Monday, June 17, 2013

Trees of Cyprus 10.10.1994

Now we come to good ole nature, and its generous natural gifts to Cyprus, as amply illustrated on the stamps on this FDC postmarked on 10.10.1994, so thoughtfully given to me by Merja. A brief description of these Trees of Cyrus is given below.

Black Pine (Pinus nigra ssp. Pallasiana). Black Pine (Pinus nigra ssp. Pallasiana) is an evergreen coniferous tree, reaching up to 17-30 in height with a straight trunk. The foliage is thick and conical in shape, and in older trees becomes flattened. The leaves are needle-like and long and are usually in pairs (occasionally found in threes). Male trees produce flowers and the females have large oval cones, found singly or in clusters. Found on pyrigenic slopes at 1200mm above sea level and as high as the Chionistra peak (1952m). A tree of great ecological and aesthetic value. Apart from the Juniper (Juniper foetidissima) it is the only tree which can survive the low temperatures and heavy snow-fall of the Troodos Mountains. It is used in building, furniture making, the construction of cases, and as firewood. It is highly flammable as it contains resin.

Cyprus Cedar (Cedrus libani ssp. Brevifolia). Cyprus Cedar (Cedrus libani ssp. Brevifolia) is an endemic, evergreen, coniferous tree, 20-30 m high with straight trunk. On mature tees the branches spread out in clear horizontal layers. The leaves are small and needle-like on thick spines; there are male flowers and the female cones are large and oval and stand upright on the branches. Natural clusters of the Cedar are now found only in the Tripylos area in the Paphos forest at 1000-1400m above sea level. This area has been declared a natural reserve for flora and fauna in accordance with the forestry law. The cedar is a strictly protected species, of great ecological and aesthetic value. In the past its wood was used for ship-building and furniture making, and is highly flammable because it contains resin.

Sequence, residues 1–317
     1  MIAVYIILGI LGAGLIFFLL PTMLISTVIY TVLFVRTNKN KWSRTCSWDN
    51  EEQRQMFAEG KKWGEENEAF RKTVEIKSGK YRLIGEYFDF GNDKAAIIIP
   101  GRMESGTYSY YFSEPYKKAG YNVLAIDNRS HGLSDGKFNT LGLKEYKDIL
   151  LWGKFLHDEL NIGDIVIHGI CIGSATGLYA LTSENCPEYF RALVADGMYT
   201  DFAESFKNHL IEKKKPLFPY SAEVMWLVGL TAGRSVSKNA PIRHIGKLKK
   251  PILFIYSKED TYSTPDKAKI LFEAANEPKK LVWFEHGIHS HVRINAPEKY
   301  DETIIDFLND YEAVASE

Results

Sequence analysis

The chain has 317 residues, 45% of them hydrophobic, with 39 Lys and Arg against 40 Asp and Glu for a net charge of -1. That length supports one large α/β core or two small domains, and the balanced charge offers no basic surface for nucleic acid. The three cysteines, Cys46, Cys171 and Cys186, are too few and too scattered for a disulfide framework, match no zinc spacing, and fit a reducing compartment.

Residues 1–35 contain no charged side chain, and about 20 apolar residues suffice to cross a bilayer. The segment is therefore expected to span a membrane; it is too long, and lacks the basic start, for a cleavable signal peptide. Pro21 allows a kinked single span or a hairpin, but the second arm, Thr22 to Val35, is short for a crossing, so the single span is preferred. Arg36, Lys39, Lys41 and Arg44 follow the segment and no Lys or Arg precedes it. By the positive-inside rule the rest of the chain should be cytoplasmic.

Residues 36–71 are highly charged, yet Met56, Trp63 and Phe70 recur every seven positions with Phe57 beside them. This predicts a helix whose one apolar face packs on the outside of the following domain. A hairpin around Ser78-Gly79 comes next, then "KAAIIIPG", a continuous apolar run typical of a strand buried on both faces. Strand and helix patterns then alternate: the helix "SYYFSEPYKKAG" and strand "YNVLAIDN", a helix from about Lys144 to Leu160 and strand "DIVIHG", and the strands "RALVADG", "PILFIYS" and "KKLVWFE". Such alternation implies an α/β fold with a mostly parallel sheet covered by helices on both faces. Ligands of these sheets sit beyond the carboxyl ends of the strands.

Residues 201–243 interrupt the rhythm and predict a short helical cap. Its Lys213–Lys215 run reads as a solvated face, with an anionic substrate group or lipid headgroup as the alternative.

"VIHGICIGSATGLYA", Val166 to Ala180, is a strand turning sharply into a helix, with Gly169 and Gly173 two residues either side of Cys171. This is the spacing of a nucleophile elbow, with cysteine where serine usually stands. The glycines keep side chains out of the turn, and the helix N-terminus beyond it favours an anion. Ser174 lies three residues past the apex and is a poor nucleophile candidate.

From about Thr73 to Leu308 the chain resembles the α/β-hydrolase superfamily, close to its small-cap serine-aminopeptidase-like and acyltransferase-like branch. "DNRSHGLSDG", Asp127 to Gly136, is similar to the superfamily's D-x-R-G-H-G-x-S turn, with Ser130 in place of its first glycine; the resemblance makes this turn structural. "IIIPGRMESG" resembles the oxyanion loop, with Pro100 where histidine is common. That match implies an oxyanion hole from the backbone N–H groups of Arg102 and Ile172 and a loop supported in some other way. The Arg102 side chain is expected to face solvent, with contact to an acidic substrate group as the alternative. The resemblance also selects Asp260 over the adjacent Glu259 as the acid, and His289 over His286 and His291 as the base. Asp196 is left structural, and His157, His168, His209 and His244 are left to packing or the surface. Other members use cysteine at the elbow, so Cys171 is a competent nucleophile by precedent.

Golden Oak (Quercus alnifolia). Golden Oak (Quercus alnifolia) is an endemic evergreen shrub or small tree, growing to up to 10m in height with a multitude of branches and broad irregular foliage. The leaves are thick, hard and leathery, oval in shape, dentate and are golden or brown underneath and dark green on top. The flowers are male and the tree bears acorns. The Golden Oak is found in pyrogenic slopes at 700-1900m, and is the main species, together with the rough pine, of forest vegetation of our country. The Golden Oak is an attractive endemic tree of great ecological and aesthetic value and covers large expanses of our forest land either together with other bushy vegetation or as undergrowth beneath conifers. Its stump is able to regenerate itself should it be cut down or burned. It stabilizes sharp slopes and improves the soil. It is used as firewood and makes excellent coal.

Strawberry tree (arbutus andrachne). Strawberry tree (arbutus andrachne) is an evergreen small tree or large shrub, 3-10m high with broad, irregular foliage and typically smooth, chestnut brown bark. The leaves are thick and leathery, broad, oval in shape. The flowers are white and in clusters. Found at heights of 100-1550 m in forests and is of great ecological and aesthetic value. Its fruit is food for many bird species. It is used for firewood and coal. It is relatively resistant to fire and regenerates from its stump.

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